Decline in gun violence sees 'only' 41 deaths at weekend in Cape metro
The equivalent of nearly four football teams were murdered in the Cape Town metro region over the past weekend, but as crime levels persist and the army is deployed to some areas a decline in gun-related deaths is cause for faint optimism.
Gun-related murders in the metro dropped to 16 at the weekend after 31 deaths were recorded two weeks prior - making the latest figure the lowest in 10 weeks.
The gun-related incidents took place mostly in gang-ridden areas.
"When compared with last weekend, we saw the number of recorded murders in the metro region dip from 46 to 41, which is still incredibly high," said Western Cape premier Alan Winde. "What we have seen is a marked decline in the number of murders as a result of gunshots, which was at its lowest in at least 10 weekends."
Of the 41 murders, 16 were due to gunshots, 19 as a result of stabbings, and six due to other circumstances.
Since the defence force (SANDF) rolled into the Cape Flats in July, murder rates have slowly decreased, and Winde attributes this to having "more boots on the ground", as well as escalated efforts from city law-enforcement officers and police.
"More police operations, coupled with additional law-enforcement officers from the city of Cape Town, and community neighbourhood watch efforts, will start to pay dividends over time as criminals and gangsters start to feel the pressure of visible policing, arrests and community-driven efforts to take back their spaces," he said.
Community safety minister Albert Fritz welcomed the decline in deaths from gun violence.
"After each weekend we see a significant fatality rate linked to gun-related crime. However, it is reassuring to note that there has been a decline in the number of gun-related murders in the province over the past two months," he said.
Fritz said that to further curb gun violence, the province should "tighten up" on the distribution of ammunition and take steps towards introducing a "centralised ammunition register".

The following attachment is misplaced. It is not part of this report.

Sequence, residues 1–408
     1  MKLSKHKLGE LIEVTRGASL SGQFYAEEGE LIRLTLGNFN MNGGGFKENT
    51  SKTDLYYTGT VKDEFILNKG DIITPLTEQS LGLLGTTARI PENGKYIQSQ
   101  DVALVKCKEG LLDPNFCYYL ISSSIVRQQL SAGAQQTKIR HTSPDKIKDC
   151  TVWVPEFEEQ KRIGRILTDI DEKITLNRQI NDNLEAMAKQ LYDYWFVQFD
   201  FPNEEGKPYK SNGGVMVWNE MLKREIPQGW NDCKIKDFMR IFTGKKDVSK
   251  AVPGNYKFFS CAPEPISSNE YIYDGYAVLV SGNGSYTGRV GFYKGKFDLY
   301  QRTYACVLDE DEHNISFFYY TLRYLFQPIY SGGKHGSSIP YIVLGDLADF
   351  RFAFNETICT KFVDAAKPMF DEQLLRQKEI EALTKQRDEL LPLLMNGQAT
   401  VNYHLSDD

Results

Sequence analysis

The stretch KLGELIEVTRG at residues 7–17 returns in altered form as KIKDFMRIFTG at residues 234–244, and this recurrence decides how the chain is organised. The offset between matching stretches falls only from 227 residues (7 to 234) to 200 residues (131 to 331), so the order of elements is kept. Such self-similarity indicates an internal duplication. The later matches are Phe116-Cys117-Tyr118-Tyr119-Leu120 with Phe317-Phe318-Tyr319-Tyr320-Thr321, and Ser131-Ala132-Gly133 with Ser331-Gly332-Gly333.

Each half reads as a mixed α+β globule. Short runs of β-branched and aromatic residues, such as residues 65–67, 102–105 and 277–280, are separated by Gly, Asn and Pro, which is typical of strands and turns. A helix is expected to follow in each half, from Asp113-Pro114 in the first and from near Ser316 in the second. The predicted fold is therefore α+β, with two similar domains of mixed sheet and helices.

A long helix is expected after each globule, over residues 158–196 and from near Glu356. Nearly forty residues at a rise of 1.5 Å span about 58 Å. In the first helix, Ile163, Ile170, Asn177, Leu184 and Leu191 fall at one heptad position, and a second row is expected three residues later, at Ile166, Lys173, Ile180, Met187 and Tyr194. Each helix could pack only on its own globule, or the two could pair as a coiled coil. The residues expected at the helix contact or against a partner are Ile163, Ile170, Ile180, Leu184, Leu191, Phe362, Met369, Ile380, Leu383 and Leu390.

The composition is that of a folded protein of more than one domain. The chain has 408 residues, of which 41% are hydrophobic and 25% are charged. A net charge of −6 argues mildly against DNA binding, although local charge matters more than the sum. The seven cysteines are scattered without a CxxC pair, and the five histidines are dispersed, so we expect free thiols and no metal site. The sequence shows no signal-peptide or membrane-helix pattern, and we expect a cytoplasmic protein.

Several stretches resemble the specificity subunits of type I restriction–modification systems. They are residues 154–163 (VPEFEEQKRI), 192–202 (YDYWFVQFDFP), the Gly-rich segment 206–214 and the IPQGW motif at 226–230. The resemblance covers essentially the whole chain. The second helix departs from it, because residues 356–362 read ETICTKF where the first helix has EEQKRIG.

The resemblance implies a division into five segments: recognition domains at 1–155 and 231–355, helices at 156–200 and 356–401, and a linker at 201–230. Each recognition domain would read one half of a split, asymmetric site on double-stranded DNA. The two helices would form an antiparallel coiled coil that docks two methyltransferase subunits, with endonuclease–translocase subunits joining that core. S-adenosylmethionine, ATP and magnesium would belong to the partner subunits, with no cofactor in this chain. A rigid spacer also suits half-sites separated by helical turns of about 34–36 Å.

Provincial health minister Dr Nomafrench Mbombo is holding workshops on the impact of trauma cases - especially gunshot-related ones - across the provincial health system on Thursday.
This follows the surge in gun-related admissions to specialised hospitals in the past year, where it is costing the state at least R22,000 to treat a gunshot patient.
Adele Kirsten from Gun Free SA said that the figures "have to be good news", but that politicians and the provincial government should take time to analyse the figures to understand their true impact.
"You need around three years of data to really suggest that there's been a downward trend," she said. "The thing that we need to be doing is helping the public understand these numbers," she said.
"Are the police actually recovering these weapons? If it's just a case of criminals lying low [since the army moved in], then we are likely to see an increase as soon as the military moves out."
She said that the idea of a centralised ammunition register was "fantastic" and that it would begin propelling SA to international standards of gun control.
"It's a brilliant idea, and something that will really help," she said. "Even people like us tend to forget about ammunition, but the reality is that it's tricky to fire a gun without it."
"Places like Brazil have serial numbers on each cartridge, so it helps investigators track down supply lines and, ultimately, criminals," she said.
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